tiny room at its western corner, which is unlikely to have housed
patients. Inhabitants of the area claimed that this damage was done
after the hospital had been evacuated.
This was the largest hospital in the second No Fire Zone. There is no
record of the ICRC indicating its location to the forces, unlike in the
previous cases. The information may have been conveyed verbally, but it
is odd that a fax was not sent as was done for the other hospitals.
This hospital was allegedly hit on February 9th and then again on
March 26th, with no damage in between. The hospital continued to
function until on April 20th it was claimed by TamilNet that the
patients were ‘forced to run away’ when Rocket Propelled Grenades hit
the hospital. That however was the date on which there was a mass exodus
of civilians and the LTTE retreated southward, so there were other
reasons too for the hospital being abandoned.
There is no allegation of any hospital here being hit, though it is
claimed that a medical store there was damaged on March 10th. There is
nothing more until April 22nd when a doctor and seven others were
reported killed. The State Department report records this incident on
April 1st. In a repetition perhaps of what had happened at PTK, the
report notes that ‘the LTTE wanted civilians to move south to
The civilians refused’. Both this report and UTHR indicate that a
shell that hit the church at Valayanmadam, which was the main building
in the complex that seems to have been used as a hospital, was fired by
There seem to have been two hospitals at Mullivaikkal, though there
is no trace of the situation of either of these having been conveyed to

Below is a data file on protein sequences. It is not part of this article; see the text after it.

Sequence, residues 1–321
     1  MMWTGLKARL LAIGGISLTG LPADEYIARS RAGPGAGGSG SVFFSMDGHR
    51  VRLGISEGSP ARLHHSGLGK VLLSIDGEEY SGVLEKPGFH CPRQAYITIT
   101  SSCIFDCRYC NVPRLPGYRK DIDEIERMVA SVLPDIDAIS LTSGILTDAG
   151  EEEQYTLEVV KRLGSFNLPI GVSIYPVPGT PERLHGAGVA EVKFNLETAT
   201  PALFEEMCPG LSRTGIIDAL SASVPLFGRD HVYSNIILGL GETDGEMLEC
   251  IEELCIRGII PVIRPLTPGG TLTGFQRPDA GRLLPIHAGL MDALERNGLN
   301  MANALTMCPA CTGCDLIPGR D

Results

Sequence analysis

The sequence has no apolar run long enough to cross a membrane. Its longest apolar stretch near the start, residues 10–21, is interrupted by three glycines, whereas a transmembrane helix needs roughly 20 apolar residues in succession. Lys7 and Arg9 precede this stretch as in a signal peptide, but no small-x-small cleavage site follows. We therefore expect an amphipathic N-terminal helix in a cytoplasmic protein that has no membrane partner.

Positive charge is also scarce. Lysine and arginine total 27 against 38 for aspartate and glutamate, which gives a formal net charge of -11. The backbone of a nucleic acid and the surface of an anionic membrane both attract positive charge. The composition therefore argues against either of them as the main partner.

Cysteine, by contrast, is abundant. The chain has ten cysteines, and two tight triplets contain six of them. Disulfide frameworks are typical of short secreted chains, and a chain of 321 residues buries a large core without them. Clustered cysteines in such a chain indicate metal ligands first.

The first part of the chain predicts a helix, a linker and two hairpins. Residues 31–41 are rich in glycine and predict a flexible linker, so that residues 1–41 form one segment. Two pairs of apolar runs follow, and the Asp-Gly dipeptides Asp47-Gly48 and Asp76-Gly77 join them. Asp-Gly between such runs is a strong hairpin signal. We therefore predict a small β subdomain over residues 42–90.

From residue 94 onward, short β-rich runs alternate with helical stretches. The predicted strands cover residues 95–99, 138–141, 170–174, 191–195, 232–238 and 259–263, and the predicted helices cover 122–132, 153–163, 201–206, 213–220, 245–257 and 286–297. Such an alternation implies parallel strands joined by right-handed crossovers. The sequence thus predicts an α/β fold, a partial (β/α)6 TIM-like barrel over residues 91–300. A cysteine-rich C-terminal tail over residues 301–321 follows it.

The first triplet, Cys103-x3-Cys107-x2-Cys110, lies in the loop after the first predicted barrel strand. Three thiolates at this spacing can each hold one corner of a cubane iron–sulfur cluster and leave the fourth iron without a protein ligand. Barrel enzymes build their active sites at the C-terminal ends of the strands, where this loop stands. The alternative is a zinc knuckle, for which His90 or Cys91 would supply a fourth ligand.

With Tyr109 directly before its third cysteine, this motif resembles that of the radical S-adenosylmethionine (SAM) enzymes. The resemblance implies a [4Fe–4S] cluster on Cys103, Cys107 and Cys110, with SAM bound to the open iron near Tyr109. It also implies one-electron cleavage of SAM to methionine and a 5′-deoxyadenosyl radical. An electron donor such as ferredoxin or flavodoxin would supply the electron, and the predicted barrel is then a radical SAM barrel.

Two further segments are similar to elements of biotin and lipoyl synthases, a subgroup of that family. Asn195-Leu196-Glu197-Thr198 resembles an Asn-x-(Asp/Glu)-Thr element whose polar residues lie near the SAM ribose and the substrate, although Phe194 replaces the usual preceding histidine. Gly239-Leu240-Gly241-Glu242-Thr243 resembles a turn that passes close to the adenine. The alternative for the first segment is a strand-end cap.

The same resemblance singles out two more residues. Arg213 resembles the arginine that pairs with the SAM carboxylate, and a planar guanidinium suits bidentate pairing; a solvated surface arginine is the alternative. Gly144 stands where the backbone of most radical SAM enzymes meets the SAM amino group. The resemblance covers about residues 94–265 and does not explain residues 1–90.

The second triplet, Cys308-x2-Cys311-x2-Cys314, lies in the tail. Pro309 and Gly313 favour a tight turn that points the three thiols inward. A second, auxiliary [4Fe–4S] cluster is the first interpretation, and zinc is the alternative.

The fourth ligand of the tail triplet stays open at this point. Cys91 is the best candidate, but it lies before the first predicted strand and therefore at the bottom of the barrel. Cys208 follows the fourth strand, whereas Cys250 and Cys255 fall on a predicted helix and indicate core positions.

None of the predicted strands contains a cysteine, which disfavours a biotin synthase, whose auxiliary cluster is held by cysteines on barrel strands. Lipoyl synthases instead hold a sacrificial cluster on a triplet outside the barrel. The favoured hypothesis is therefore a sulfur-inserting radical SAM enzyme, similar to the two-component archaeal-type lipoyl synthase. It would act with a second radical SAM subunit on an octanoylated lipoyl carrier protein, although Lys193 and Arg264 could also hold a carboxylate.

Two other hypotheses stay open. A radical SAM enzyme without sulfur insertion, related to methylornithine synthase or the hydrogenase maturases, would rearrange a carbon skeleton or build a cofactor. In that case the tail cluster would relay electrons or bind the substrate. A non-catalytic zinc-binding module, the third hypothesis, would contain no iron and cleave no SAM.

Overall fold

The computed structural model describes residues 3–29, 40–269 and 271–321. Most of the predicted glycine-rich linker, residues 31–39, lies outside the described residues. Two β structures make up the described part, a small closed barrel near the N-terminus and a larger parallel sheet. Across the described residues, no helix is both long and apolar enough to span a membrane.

The TamilNet narrative suggests that it was the second that
functioned at a junior school, but that seems to have been the main
The second hospital, as indicated by the photograph in the US State
Department report, was a small house, which can be identified by the
mass of medical equipment that still lies there.
The first allegation TamilNet made of civilian deaths at a hospital
in Mullivaikkal was on May 2nd.
TamilNet claimed then that ‘The attack has taken place, after the Sri
Lankan military was provided with the exact coordinates of the hospital
premises three days back through the ICRC’.
The article was accompanied by a photograph of what are claimed to be
two dead bodies on the ground, while the shelves above them are full of
TamilNet claimed then that ‘A medical staff who coordinates with the
ICRC confirmed providing the coordinates of the hospital to the Sri
Lankan defence ministry three days ago when the hospital was attacked
last time’. The forces have no record of any information about this from
the ICRC. An earlier article, on May 1st, claimed that the hospital
‘came under attack on previous two days’ though there were no
allegations of deaths then, nor in the May 2nd allegation of the
previous attack on the hospital three days earlier.
TamilNet claimed the second hospital at Mullivaikkal was functioning
by May 9th, but the first allegation that the place was attacked came
only on May 12th, The claim is that one shell fell in the hospital,
killing ‘at least 47 patients’ while other shells only hit the area,
‘including one that landed 150 yards from the hospital’. The same
incident was reported again and again, stressing the death of an ICRC
worker, though in fact the ICRC confirmed that the gentleman was not in
the hospital when he was killed.
Any death in a hospital arising from shelling is tragic and much to
But the paucity of strikes on the several hospitals the LTTE set up
during this period suggests that there is no substance whatever to the
concern or the contention that the forces deliberately targeted
hospitals, far less that they did so systematically.